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Hypos-Don't Over Treat!

Posted by Jyoti Mishra on Sun, Mar 26, 2017  
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Hypoglycemia in type 1 diabetes is an emergency situation which should be treated without delay. At the same time inadvertent or over treatment of hypoglycemia leads to high blood sugar and subsequent worsening of diabetes control. Usually hypoglycemia is diagnosed when blood sugar goes below 70 mg/DL.

 

When it is less than 50mg/dl, it is to be corrected as quickly as possible. The aim of treatment of hypoglycemia is to bring up the glucose from <70mg to around 100mg. This can be done quickly with use of glucose powder. Those dose of glucose to be used depends in the age of child. Children less than 5 yes of age requires around 5gm of glucose, children between 5and 10 years of age requires 10gm of glucose, and children above 10 years of age requires 15 gm glucose for correction of hypoglycemia.

 

One teaspoon of glucose powder contain 5gm of glucose and one tablespoon contain 15 gm of glucose. Glucose tablet containing 5 gm of glucose are also available in the market (eg.glucovita) Once glucose is given check the blood glucose level 15 min later and that blood glucose should have come more than 70 mg/DL. If not corrected then give same amount of glucose once more. This is called the rule of 15. That is, give 15 gm glucose, recheck blood glucose 15 minutes later and if not corrected give another 15gm glucose. 15gm of glucose is present in 4 no's of orange and fruit juice or in one.  Candy, chocolate or ice cream should not be given for correcting hypoglycemia.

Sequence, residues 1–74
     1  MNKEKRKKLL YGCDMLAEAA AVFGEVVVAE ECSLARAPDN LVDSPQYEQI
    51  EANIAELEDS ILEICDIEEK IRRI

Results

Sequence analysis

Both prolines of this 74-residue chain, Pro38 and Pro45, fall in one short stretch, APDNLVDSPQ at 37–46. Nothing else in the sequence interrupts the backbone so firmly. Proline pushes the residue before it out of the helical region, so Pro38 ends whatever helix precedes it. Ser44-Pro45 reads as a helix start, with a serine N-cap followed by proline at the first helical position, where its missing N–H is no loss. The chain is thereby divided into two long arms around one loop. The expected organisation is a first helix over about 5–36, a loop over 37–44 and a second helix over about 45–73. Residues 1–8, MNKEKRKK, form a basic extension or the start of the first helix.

Since it contains a lot of fat which will slow down the absorption of glucose from chocolate or ice cream. After treating hypoglycemia with glucose such as take bread and jam, if there is no major meal in the next one hour, a slowly digesting carbohydrate containg 15 gm of glucose can be given. Giving large amount of glucose instead of the recommended 5-15 gmglucose will lead to blood sugar going to 300-400 range and then will need extra insulin to bring it down. So, never over treat hypoglycemia.

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